Psychology and Relationships

This is the personality test you should take, says psychologist—it's a 'better predictor of behavior'

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Personality tests are often treated as objective assessments of one's innermost intentions. People relish using their results as justification for their less understandable impulses. 

There is something that personality tests such as the Enneagram and Myers-Brigg aren't telling you, though: It is possible to have a bad personality. 

"They don't get into the dirty underbelly of personality," said David Watson, a professor of personality psychology at the University of Notre Dame.

There is one test that might be better at reflecting what personality traits you have and how that could affect your behavior, he said: the International Personality Item Pool Test, or IPIP.

'Academic personality research tends to be trait-based'

Like other tests, the IPIP presents a series of sentences, and respondents denote how much they agree or disagree with them. 

"Have a vivid imagination" and "Get angry easily" are among the dozens of statements you can mark as "very inaccurate," "moderately inaccurate," "neither accurate or inaccurate," "moderately accurate" or "very accurate." 

The test will then tell you how much of the following five personality traits you seem to have: 

  • Extraversion
  • Agreeableness
  • Conscientiousness
  • Neuroticism
  • Openness to experience 

"Academic personality research tends to be trait-based," Watson said. This is often a "better predictor of behavior," he said, than the more popular personality tests. 

[Personality tests] don't get into the dirty underbelly of personality.
David Watson
University of Notre Dame professor of personality psychology

'If you study society, is everybody nice?'

The IPIP test doesn't provide what is probably the most satisfying part of the personality test experience: a type.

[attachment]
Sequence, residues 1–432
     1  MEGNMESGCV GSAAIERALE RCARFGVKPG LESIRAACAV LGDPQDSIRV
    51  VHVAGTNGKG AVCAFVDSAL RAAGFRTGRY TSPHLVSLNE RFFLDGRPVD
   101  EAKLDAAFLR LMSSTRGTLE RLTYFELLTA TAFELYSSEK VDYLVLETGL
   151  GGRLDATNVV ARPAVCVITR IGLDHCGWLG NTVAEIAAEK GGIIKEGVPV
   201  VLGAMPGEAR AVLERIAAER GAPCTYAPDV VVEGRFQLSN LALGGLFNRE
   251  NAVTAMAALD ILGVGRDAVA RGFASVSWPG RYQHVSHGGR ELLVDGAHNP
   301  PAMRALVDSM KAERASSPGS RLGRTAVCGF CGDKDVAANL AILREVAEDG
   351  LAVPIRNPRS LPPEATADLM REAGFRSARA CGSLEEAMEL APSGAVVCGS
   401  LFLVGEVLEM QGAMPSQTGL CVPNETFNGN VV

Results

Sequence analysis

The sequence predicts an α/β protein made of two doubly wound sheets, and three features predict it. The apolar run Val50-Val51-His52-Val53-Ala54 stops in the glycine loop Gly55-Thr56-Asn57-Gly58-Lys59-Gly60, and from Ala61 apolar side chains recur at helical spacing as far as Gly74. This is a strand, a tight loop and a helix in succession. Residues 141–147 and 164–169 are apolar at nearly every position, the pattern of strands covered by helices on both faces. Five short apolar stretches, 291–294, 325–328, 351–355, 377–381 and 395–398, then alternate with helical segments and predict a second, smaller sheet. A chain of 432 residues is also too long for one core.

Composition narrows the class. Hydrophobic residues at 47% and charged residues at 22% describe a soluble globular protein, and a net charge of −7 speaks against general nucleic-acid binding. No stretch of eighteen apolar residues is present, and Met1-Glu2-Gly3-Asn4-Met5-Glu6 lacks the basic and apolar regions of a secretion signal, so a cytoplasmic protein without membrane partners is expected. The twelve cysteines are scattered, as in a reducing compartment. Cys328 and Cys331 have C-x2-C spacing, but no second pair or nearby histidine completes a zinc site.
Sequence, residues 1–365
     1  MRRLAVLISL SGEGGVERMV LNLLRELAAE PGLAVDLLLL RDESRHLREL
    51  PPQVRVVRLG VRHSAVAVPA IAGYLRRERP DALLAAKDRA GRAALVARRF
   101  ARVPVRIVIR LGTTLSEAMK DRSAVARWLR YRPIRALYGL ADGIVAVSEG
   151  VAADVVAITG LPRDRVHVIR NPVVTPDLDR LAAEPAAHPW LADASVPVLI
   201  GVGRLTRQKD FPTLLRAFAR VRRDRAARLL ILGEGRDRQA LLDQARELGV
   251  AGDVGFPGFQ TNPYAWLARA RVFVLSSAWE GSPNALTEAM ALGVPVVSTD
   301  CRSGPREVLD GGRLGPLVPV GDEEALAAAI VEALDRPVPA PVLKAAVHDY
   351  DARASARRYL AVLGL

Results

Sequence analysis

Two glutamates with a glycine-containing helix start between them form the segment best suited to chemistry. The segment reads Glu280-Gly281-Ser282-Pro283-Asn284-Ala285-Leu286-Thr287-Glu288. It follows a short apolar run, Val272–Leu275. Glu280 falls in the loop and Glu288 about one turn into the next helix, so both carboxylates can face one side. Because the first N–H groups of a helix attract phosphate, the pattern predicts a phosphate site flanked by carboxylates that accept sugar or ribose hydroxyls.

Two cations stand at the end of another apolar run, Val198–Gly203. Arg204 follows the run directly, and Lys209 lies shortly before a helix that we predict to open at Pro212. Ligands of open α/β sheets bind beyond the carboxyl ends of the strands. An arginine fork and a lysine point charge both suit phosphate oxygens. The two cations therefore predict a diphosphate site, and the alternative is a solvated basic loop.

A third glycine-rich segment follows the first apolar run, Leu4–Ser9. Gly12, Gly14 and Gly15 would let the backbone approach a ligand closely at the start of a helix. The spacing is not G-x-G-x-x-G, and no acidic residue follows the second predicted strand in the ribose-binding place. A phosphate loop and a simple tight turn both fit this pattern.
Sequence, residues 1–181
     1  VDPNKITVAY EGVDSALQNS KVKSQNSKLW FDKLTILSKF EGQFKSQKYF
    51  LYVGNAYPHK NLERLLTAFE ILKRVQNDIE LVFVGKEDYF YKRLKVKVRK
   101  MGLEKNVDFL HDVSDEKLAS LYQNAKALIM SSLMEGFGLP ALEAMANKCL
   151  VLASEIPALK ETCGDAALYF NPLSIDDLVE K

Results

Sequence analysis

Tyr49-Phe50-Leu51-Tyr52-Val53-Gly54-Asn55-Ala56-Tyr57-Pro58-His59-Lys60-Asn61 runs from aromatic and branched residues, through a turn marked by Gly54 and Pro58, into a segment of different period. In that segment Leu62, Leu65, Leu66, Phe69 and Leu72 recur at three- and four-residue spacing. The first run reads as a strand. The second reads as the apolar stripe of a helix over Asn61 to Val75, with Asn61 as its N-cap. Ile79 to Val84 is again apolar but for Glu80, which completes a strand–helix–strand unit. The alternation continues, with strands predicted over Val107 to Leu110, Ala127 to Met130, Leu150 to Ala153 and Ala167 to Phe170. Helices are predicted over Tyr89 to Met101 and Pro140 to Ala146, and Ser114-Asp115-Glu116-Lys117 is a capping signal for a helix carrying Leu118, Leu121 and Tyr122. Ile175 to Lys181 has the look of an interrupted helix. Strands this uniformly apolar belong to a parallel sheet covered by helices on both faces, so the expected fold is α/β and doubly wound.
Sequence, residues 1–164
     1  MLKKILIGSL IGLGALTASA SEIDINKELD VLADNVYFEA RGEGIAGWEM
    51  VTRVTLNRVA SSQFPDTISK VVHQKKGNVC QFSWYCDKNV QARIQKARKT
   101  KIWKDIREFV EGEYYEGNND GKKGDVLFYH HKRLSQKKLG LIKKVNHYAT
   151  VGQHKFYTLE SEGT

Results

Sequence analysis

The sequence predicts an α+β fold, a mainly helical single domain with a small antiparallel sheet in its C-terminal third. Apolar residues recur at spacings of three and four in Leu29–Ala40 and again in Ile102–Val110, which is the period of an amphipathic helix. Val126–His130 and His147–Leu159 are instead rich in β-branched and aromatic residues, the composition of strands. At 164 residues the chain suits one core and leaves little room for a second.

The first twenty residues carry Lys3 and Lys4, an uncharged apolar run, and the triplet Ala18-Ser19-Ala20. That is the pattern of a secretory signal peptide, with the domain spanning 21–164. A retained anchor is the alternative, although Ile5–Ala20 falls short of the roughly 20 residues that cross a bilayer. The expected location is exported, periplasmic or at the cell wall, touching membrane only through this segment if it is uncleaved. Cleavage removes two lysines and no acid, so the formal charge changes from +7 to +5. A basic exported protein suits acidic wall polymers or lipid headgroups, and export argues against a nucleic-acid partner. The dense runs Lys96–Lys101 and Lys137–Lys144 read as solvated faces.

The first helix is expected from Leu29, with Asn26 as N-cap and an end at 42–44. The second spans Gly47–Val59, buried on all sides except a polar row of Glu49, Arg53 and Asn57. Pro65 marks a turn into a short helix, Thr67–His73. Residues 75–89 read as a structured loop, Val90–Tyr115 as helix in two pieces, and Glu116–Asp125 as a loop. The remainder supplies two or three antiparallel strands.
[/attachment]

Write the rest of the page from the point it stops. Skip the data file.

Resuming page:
Like astrology, many of these personality tests combine characteristics into one neat little box.

"One thing people seem to like are typologies," Watson said. 

It doesn't hurt that the box tends to be very forgiving.  

"The types themselves are all couched in positive terms," Watson said. "The thinker. The creator. They come up with these positive ways of describing people, which are nice for people to hear. But if you study society, is everybody nice?" 

This is especially problematic when people use personality tests to date or hire, both of which happen frequently. 

Some companies hire Enneagram coaches for corporate retreats, believing the results will help workers understand each other's strengths, weaknesses and tendencies better. In South Korea, online daters use Myers-Brigg results to weed out potential duds. 

"The problem with compatibility is that there are a lot of people who don't have an attractive set of traits, and who are they compatible with?" Watson said. "There are people who have more toxic traits." 

If you want to learn more about yourself, the IPIP test is a much better gauge than other personality tests, Watson said.

But as with everything in life, take it with a grain of salt. 

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